Experimental Design Details
In the ego treatment, subjects first complete logic puzzles presented as parts of an IQ test. For the logic puzzles, we use Raven's Progressive Matrices, a widely administered test which was originally developed as a method to gauge general intelligence in a non-verbal setting.
Subjects' performance on these puzzles are evaluated as a mixture of speed and accuracy and they are incentivized to perform as well as they can.
For the non-ego treatment, subjects do not complete IQ puzzles. Instead, they report their beliefs (described below) about a random integer drawn uniformly from 1 to 100.
During the course of the experiment, participants report their belief about either performing above a given rank in a pool of other subjects at IQ puzzles (ego treatment) or about whether the random number is above a given value (non-ego treatment). In both cases, the elicited belief regards a binary event and is reported as a probability. It is incentivized using the lottery method.
They report these beliefs multiple times before and after receiving feedback, the structure of which is detailed below.
For all treatments, the participants first receive noisy feedback regarding the binary outcome (whether they outrank a given threshold in the ego treatment and whether the random number is above a given threshold in the non-ego treatment). For clearer comprehension, the participants are told that there are 6 truth-telling gremlins and 2 lying gremlins. They are shown a visualization of drawing the gremlins with replacement, and receive feedback from a gremlin of unknown type. Participants receive three signals from this set of gremlins, reporting their beliefs after each signal. Although not described to participants as such, this unbiased noisy feedback round can be considered a "practice round" -- it was designed with the intent to slowly introduce participants to various components of the experiment before introducing them to the biases.
The participants are then introduced to potential biases. They are told that in addition to the truth-telling and lying gremlins, there are two additional types of gremlins. First, the Yay Sayer gremlin delivers positive news regardless of the state of the world. In contrast, the Nay Sayer gremlin always delivers negative news.
Along with the 6 truth-tellers and 2 liars, there will be either 2 Yay Sayers or 2 Nay Sayers in the urn to be drawn with replacement. As described above, the exact procedure in which these biased gremlins will be added will depend on the treatment arm.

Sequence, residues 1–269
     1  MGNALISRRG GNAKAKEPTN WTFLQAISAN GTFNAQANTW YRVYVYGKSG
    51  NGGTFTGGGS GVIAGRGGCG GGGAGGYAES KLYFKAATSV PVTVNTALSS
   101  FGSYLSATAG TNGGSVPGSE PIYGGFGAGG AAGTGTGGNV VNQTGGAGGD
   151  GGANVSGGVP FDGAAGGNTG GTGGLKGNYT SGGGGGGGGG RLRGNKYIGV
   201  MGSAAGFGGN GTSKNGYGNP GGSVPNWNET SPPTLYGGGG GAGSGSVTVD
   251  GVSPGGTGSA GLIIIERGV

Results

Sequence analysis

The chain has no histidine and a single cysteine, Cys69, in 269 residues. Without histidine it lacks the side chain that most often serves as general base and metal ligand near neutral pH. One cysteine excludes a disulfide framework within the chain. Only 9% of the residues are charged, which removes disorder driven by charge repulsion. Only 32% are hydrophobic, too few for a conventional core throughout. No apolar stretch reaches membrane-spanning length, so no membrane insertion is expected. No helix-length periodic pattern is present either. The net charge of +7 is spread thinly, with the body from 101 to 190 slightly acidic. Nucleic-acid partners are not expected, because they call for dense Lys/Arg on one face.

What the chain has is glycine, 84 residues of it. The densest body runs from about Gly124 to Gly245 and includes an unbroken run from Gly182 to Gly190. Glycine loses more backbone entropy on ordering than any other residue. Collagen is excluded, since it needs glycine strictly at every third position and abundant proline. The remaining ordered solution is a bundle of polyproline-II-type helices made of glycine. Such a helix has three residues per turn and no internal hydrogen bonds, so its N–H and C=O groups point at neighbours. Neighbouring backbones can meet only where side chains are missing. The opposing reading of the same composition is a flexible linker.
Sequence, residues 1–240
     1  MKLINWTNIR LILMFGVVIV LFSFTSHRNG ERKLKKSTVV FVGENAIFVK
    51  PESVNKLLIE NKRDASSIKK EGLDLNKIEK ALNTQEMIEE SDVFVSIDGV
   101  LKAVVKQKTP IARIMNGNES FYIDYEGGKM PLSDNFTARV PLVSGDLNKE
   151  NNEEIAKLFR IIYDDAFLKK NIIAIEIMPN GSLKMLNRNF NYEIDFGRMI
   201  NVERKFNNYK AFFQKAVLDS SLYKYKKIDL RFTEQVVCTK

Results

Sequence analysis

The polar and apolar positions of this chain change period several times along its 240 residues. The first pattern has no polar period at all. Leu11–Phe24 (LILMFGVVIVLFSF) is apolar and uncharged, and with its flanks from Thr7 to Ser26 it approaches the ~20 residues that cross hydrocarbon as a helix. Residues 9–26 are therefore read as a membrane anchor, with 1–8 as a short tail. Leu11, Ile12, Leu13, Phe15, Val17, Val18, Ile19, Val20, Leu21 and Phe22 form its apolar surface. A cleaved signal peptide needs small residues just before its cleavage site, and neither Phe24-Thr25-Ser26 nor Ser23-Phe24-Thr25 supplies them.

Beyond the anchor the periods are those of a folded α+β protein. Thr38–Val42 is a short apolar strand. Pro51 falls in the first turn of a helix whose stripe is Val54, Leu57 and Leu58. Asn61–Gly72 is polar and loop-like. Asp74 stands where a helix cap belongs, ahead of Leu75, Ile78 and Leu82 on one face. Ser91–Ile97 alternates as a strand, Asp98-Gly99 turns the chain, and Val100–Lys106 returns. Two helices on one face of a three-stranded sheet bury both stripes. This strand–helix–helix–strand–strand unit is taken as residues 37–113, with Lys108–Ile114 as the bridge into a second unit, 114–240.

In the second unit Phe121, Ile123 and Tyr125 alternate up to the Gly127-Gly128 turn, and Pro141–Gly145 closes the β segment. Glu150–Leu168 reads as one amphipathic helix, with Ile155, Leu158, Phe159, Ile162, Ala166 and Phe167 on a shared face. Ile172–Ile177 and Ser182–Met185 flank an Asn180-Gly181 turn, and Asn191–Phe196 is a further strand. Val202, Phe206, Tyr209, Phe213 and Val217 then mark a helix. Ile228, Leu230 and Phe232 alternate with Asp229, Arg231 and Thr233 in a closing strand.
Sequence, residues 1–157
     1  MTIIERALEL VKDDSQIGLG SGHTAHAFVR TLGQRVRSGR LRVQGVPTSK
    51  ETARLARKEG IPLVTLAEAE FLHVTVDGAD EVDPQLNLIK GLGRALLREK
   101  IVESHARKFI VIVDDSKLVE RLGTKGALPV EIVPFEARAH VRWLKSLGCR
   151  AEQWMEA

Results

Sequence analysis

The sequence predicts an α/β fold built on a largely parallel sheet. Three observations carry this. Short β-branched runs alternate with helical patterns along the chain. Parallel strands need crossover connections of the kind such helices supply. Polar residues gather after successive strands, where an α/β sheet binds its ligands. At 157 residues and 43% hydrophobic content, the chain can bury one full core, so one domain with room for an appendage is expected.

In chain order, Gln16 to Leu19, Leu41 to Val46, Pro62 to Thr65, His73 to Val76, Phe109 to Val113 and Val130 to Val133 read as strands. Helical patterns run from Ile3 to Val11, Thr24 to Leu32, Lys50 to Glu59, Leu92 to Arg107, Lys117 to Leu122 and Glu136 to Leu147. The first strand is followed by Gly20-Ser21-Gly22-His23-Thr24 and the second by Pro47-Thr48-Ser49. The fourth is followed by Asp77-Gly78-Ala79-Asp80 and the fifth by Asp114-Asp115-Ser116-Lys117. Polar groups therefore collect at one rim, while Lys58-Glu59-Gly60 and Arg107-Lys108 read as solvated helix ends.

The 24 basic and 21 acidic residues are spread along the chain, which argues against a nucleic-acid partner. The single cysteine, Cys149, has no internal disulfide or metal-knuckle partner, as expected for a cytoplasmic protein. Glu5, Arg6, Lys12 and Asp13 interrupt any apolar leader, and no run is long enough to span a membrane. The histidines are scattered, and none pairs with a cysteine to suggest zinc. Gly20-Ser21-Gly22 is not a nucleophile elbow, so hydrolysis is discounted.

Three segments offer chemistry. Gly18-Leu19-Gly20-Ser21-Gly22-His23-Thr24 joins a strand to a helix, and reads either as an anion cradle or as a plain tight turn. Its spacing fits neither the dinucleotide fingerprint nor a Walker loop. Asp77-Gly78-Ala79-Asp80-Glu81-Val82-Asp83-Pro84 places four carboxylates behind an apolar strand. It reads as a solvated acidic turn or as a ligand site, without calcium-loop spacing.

To ensure that the participants understand the nature of the biases, we add a comprehension check: we ensure that they understand that adding a positive bias will increase the likelihood of the positive signal, yet reduce the meaningfulness of the signal, and similarly for a negative bias.
In the chosen-bias treatment arm, the participants are given the choice between Yay Sayer and Nay Sayer biases for each round. In contrast, in the forced-choice forced bias treatment arm, the bias is randomly selected at the beginning of each round and disclosed to the participant.
Elicitations about Signal Attribution
In all treatment arms, if an agent receives a signal that is concurrent with the bias (i.e., a ``yes" signal under Yay Sayers or a ``no" signal under Nay Sayers), they are asked what they think is the probability the signal came from the uninformative biased gremlin. This elicitation will take place after agents report their new belief about their rank.
Metacognition (About Self and Others)
After participants finish the belief elicitation portion of the study described above, subjects are asked in an incentive-compatible manner what they believe the effect of each bias was on the final beliefs that they just reported and the final beliefs of other participants who had previously taken the study. In particular, they are asked how the belief biases (relative to a Bayesian benchmark) depend on the bias selection. For individuals in the chosen-bias treatment arm, they are also incentivized to report their beliefs about bias selection behavior. These questions are asked separately about other MTurkers and about the given participant.
We conclude the experiment with standard demographic questions to ensure that our samples are balanced on major demographics. We query for gender, age, education, income, occupation type, as well as media usage.